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generally styled Caliphs of Syria, their capital being Damascus ; while the Abbassides are known in history as the Caliphs of Bagdad, the city to which they transferred their court. In the rise of the Mohammedan monarchy, the empire, however me naced by revolt, was still one and undivided; but in its decline and fall this indivisibility ceased, and the Moslems beheld three independent sovereignties erected, towards the close of the eighth century, within different parts of their dominions,-one seated at Bagdad, another in Egypt and Africa, and a third in Spain.

The house of Abbas, whose accession to the throne was attended with circumstances of such unparalleled cruelty as to procure for its first caliph the epithet of Al Saffah or the Sanguinary, ruled over the Eastern World with various degrees of authority for a period of five hundred years. The first century beheld their power undiminished; though the dismemberment of several provinces showed that their government was inherently weak, and that the unwieldy fabric could not long maintain its stability. Like other great nations of antiquity, the policy of the Saracens seemed better adapted for the acquisition of empire than for its preservation; and though, by a surprising effort of arms, they had compelled the world to acknowledge the might of the Commander of the Faithful, they could not infuse into their system those principles of wholesome and vigorous administration essential to its perpetuity. The incessant workings of faction made it necessary to invest the lieutenants of provinces with absolute command; and these, as the monarchy grew feeble and degenerate, were enabled to make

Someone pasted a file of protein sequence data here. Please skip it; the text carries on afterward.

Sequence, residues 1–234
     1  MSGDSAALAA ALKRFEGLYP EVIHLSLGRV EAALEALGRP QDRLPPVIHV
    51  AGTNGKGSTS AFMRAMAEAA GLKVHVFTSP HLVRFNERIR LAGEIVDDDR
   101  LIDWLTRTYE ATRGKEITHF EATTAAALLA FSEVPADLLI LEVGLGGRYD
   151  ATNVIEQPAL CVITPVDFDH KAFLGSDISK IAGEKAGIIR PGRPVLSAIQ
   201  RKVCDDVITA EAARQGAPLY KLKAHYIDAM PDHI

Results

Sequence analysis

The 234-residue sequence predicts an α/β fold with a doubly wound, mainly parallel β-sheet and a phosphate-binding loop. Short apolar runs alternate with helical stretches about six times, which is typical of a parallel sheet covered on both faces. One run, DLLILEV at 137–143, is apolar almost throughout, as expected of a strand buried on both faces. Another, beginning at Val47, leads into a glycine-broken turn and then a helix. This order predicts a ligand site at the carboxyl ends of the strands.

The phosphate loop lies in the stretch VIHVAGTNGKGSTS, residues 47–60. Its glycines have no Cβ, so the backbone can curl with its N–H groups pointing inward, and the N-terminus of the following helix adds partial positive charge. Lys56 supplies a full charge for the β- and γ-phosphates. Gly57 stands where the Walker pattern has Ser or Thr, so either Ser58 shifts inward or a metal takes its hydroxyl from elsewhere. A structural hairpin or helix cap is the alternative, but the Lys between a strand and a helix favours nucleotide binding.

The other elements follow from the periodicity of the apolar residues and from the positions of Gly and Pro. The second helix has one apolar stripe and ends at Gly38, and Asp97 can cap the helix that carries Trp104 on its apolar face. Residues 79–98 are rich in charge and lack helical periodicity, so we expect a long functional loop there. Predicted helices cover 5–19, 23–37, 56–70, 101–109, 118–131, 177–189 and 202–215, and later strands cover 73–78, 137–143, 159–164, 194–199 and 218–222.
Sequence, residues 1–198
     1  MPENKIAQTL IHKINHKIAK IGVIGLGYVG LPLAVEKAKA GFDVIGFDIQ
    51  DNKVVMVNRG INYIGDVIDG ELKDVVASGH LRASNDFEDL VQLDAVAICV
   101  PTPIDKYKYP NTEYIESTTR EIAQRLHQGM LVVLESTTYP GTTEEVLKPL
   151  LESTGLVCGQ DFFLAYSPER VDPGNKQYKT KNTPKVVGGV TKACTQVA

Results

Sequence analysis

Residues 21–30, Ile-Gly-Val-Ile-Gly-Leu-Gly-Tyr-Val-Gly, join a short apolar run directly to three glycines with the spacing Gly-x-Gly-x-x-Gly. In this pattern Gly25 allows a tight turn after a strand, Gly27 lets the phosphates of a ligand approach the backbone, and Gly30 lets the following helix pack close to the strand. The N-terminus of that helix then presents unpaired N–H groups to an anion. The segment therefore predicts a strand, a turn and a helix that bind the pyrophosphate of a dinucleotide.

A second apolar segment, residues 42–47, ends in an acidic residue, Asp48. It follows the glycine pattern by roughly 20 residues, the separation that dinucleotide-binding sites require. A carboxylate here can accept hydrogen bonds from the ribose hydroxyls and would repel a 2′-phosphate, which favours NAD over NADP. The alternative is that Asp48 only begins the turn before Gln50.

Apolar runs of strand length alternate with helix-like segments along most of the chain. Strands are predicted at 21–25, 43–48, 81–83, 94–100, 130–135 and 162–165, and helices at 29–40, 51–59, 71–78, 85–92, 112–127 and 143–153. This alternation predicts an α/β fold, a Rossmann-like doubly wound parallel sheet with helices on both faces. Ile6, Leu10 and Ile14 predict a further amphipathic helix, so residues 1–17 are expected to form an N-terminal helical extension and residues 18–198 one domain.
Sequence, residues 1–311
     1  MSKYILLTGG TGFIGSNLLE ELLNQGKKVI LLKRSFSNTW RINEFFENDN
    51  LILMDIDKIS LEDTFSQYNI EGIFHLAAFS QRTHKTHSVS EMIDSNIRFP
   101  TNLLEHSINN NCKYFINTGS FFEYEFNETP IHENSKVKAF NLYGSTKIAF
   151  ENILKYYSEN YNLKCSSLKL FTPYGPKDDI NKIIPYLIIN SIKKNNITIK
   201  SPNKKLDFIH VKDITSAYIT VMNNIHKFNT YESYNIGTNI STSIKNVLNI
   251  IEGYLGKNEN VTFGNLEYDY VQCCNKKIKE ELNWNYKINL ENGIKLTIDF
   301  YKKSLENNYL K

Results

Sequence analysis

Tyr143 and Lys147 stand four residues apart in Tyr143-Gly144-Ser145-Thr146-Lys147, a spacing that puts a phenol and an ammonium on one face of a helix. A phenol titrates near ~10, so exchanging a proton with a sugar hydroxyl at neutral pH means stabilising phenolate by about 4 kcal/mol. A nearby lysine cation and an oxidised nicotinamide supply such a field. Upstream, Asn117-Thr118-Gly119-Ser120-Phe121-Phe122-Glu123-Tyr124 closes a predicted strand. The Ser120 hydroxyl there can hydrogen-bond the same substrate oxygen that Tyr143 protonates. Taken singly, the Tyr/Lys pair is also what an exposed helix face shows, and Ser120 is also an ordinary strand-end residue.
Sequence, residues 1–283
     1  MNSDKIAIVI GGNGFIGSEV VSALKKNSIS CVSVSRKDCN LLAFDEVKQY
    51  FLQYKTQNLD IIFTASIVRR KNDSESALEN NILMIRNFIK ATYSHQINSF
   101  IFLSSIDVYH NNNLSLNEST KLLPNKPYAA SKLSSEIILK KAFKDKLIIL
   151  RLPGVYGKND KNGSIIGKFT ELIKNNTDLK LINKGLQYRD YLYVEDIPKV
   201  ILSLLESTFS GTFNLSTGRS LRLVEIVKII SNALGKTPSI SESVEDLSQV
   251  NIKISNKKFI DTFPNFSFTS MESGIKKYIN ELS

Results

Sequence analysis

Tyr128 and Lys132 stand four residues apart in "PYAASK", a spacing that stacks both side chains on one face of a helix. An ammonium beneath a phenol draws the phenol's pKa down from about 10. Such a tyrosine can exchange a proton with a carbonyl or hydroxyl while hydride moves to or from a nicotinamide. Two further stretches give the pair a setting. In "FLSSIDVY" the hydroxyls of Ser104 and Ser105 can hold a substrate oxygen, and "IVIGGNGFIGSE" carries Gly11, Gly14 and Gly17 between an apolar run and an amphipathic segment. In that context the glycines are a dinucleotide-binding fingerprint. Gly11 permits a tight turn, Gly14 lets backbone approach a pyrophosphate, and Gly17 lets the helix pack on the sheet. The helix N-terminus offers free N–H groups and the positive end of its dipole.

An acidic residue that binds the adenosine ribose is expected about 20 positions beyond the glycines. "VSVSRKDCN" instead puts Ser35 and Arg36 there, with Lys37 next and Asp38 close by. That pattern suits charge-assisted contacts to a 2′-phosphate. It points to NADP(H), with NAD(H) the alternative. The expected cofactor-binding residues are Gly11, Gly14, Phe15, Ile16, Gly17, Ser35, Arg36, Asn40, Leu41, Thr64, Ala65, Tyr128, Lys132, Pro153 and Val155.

their governments hereditary, and to assume every thing except the name of kings. The seeds of dissolution were slowly matured by foreign wars and domestic revolts, and the first twenty reigns are all that can be assigned as the prosperous era of the Abbassides. In Arabia their authority was nominally maintained by their viceroys; though the sheiks of the desert gradually resumed their ancient independence, and regarded the successors of Mohammed merely as the chiefs of their religion. As their power commenced in blood, so it will be found in the sequel to have terminated its career in the most dreadful scenes of cruelty and carnage. The middle of the thirteenth century brought the tragic history of their fallen race to a close, when the proud capital of Islam fell into the hands of the Tartars.



Of the earlier princes of this dynasty several were not more distinguished for their warlike prowess

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